||On the first listen I got a good feeling about this album. The Ban Brothers, Gautam and Swagata “Ban” Banerjee, offers up a recording that is full of energy, intoxication, and bliss. Intoxication because if you are listening to this music, your mind and heart join in like a favored guest. You cannot help but tap your toes, bob your head, and maybe even take up some room on the dance floor. All in the name of love.
The Ban Brothers are joined by about two dozen additional talented people on the collection with standard and ethnic instruments, polished voices, and at times, a small orchestra. All About Love is nine tracks of world and ethnic music with a bit of a twist. Music from the Middle East and Asia generally (but not always) have a different modal form than western music. There are differences in timing, breaks, and most of all, repetition. The Ban Brothers have seemed to join the differences, even reveling in them as they create their brand of music. It was refreshing.
The opening track is called Bitee Huyee, or (The Past). The song is almost, but not quite bluesy, but the melody is emotional without being too melancholy. It is a story as old as time. Falling in and out of love is a journey of the heart. Like any journey, it has its uphill climbs and downhill ventures. But, oh, the memories are forever.
I was surprised by two version of the same song, one with male voice, the other with a female vocal. Tumi Bhorer Paaki (My Bird at Dawn). No surprise on the theme, but the song is a variation of a true Indian raga with that delightful vibrato sung throughout. Finding yourself in the throes of love opens up new worlds for the heart. Both vocalists were noteworthy and after your hear it, you can almost imagine both singing the song to each other as the sun rises. A new day of love begins.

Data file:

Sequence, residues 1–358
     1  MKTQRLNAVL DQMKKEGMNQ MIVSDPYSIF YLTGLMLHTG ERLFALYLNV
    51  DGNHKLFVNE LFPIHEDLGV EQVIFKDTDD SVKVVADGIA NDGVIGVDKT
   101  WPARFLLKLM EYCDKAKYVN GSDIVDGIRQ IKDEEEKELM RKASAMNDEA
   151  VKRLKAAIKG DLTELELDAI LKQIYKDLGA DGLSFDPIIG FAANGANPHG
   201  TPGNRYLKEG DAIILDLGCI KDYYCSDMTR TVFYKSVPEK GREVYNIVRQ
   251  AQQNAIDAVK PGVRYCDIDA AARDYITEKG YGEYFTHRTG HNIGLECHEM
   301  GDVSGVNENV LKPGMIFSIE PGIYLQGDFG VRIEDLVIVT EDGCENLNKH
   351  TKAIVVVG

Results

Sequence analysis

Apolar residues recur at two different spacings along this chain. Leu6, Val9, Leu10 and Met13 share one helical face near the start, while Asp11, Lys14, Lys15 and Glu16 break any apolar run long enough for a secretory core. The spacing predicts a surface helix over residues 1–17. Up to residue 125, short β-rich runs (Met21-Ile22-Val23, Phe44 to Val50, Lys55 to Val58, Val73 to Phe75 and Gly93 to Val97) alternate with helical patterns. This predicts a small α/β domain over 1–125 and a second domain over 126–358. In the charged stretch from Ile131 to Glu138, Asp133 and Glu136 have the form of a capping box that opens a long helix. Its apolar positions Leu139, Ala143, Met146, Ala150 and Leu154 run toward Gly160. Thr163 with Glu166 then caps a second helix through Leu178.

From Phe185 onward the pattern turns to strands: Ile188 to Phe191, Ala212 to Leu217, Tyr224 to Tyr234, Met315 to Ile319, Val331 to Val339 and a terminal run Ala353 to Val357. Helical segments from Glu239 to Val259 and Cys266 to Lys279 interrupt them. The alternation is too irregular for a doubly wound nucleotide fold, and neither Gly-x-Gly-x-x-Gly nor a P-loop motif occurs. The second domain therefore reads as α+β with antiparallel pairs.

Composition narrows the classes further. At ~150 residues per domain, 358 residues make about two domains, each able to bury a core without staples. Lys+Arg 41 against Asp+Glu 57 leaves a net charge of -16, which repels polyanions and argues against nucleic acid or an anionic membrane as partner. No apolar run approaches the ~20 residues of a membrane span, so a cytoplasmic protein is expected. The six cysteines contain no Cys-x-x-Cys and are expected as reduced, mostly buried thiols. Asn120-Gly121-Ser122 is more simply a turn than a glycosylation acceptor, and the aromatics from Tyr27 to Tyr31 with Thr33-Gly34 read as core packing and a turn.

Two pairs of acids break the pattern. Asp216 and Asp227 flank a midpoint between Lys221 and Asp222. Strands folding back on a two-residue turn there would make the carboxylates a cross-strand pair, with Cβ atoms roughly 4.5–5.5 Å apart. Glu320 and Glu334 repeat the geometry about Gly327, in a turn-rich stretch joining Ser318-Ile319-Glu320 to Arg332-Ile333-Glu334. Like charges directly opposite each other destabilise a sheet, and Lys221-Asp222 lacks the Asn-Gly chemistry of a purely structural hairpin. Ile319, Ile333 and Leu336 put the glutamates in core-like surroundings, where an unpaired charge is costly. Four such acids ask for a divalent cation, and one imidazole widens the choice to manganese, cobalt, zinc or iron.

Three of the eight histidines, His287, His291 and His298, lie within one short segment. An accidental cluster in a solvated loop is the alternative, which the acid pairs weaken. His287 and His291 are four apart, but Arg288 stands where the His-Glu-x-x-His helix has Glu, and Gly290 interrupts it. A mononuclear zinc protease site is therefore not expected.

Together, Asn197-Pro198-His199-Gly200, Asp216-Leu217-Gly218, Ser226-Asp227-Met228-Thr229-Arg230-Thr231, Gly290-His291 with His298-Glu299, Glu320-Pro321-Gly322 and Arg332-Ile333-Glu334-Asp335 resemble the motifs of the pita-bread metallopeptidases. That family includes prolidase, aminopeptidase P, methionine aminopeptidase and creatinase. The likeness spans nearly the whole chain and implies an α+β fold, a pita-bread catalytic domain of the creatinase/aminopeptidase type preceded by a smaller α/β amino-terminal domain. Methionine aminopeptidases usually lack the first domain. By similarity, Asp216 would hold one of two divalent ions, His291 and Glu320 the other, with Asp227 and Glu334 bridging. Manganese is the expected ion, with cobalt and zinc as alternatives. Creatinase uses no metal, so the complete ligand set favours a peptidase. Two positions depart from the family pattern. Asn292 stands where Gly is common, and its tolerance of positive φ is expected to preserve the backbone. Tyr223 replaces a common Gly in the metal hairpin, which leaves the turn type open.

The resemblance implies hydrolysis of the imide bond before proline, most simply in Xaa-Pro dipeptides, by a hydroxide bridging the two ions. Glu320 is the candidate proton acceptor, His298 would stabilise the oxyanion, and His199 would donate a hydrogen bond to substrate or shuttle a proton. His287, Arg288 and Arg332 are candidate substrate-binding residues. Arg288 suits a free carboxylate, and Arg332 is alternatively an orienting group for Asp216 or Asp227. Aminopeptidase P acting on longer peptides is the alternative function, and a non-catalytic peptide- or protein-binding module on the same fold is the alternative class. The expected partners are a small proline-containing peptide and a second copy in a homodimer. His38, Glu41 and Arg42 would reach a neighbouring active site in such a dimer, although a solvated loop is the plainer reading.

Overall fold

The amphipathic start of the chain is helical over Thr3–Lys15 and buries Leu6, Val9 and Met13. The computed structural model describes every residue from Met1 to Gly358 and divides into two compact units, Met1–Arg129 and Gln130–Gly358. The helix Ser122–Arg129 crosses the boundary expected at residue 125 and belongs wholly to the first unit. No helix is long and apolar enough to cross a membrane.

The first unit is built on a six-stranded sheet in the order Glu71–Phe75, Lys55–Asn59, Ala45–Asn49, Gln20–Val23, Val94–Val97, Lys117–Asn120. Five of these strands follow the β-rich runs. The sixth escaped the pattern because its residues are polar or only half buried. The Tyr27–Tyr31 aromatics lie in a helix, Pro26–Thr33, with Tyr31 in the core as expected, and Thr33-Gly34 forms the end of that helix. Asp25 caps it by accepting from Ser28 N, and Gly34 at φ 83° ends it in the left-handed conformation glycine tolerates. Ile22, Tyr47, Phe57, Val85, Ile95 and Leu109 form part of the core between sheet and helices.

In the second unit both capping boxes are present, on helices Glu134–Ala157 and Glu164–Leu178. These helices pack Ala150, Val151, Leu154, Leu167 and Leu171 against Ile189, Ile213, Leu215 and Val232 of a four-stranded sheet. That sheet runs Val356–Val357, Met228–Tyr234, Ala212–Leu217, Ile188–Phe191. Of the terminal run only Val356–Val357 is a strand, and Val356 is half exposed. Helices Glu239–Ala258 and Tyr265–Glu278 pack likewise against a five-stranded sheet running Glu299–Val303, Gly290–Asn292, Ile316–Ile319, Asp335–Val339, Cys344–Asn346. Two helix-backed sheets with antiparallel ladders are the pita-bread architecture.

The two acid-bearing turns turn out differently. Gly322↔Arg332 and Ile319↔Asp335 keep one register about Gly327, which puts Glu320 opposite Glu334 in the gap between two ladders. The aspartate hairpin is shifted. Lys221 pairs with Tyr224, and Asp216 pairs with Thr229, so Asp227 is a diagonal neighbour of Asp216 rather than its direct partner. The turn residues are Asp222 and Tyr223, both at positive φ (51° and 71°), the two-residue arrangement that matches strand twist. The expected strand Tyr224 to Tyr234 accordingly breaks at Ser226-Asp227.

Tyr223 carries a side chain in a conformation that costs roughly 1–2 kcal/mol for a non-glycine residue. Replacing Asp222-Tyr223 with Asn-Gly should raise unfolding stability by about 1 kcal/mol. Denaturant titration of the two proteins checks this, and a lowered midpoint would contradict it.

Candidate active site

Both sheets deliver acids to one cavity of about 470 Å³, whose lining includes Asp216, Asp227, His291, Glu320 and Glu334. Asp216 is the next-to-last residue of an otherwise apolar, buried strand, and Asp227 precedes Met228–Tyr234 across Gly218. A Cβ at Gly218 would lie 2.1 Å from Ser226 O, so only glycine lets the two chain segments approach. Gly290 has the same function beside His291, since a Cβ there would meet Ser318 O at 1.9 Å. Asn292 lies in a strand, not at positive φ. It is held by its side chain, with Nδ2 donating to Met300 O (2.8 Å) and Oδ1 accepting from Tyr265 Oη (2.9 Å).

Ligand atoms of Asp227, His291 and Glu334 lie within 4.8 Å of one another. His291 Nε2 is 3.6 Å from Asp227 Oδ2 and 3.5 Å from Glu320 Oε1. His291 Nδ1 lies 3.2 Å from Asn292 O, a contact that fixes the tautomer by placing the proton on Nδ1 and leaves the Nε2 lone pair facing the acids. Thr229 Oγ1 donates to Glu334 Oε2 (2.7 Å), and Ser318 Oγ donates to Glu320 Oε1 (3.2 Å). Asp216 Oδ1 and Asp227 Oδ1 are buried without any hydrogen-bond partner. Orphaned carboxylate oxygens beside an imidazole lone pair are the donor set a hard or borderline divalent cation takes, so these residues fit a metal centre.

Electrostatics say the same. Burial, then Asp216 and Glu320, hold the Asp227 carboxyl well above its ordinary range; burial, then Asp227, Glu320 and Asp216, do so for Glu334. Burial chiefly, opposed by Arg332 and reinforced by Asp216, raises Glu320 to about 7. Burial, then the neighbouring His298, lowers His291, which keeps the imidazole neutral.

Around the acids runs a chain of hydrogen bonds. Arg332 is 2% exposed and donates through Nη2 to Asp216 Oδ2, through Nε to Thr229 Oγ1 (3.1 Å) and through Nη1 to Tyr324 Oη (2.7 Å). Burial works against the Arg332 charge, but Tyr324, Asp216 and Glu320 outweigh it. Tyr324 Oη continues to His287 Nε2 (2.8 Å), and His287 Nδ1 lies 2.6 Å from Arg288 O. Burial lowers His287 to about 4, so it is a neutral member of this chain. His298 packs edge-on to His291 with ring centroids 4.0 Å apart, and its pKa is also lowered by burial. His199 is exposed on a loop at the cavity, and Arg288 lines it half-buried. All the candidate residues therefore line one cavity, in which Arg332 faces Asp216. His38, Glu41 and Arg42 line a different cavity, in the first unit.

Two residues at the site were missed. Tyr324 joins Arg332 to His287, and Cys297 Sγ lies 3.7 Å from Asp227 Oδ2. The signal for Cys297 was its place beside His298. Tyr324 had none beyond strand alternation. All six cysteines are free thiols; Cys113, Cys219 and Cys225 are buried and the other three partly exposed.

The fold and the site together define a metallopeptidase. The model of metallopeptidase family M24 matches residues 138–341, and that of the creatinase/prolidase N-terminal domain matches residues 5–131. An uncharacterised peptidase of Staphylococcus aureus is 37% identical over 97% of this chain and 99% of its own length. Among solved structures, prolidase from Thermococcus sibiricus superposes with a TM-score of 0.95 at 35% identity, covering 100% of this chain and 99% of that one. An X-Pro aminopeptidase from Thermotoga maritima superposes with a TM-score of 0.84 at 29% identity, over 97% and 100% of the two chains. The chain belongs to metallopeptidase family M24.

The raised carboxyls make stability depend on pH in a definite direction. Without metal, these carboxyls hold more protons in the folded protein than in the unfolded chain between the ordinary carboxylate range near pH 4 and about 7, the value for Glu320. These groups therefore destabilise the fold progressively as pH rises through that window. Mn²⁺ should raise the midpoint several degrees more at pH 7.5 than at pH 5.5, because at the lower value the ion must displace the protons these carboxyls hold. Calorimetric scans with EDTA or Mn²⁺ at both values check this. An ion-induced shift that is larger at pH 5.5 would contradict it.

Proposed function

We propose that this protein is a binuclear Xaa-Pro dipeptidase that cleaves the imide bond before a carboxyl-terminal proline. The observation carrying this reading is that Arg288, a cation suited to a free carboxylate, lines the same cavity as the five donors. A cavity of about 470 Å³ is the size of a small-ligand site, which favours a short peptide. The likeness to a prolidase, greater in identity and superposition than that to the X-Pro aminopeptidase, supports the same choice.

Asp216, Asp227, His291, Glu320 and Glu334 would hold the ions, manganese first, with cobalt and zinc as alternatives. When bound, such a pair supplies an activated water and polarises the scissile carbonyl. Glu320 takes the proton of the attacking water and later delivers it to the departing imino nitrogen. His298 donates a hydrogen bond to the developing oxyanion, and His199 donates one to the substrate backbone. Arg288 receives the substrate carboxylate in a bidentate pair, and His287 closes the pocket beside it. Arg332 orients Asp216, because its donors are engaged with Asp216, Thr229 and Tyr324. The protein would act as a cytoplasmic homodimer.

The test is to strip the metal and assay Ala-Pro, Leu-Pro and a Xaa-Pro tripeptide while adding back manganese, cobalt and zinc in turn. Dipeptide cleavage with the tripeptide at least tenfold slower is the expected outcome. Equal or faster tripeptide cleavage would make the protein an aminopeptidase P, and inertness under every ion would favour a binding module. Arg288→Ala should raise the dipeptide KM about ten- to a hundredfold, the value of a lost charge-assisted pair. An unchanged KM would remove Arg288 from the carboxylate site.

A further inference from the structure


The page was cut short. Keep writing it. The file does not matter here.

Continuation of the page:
My favorite song on the album was called Panchee Banke (Flying Like a Bird). Every time it came up in rotation, I just wanted to start dancing around in a burst of joy. The animated voice of Supriya Joshi made me sway and move to the music. Yes, I felt free as a bird in a clear blue sky.
Jeevan Kee Nadiyaa (River of Life) is one of the longer cuts on the album, but it is a wonderful production. Bansuri flute courtesy of Manab Mukherjee combined with the saxophone of Soukat and the voice of Joshi turn the work into a theme song somewhere out of the sixties. We here in the west say, “Life goes on”. In this tune, life is the flow of a river, endless, nourishing. Life giving. The orchestration is light and fluid.
Chupi Chupi (Silently) is a song of memories, remembering when, and only ifs. Remember when you were a child and life was carefree? Chupi Chupi offers a glimpse back to that time when make believe was the order of the day and sun, wind, and joy were the only things we cared about. Once again, the Ban Brothers inject the concept of a free bird into the mix.
Hum Se Zamaana (Time of Us) is a hybrid of electronic energies and enthusiastic vocals. Award winning vocalist Prajoth D’Sa adds his unique voice to a song of the elation at being alive. This a song of celebration. I was helpless not to join in.
The Ban Brothers have done a remarkable job of facilitating east meeting west. It is a perspective that is rare, but welcomed. Every song on the album is a venture into the different phases that love has to offer, all positive. This is the Ban Brothers fourth album to date and after hearing All About Love I know I want to hear more.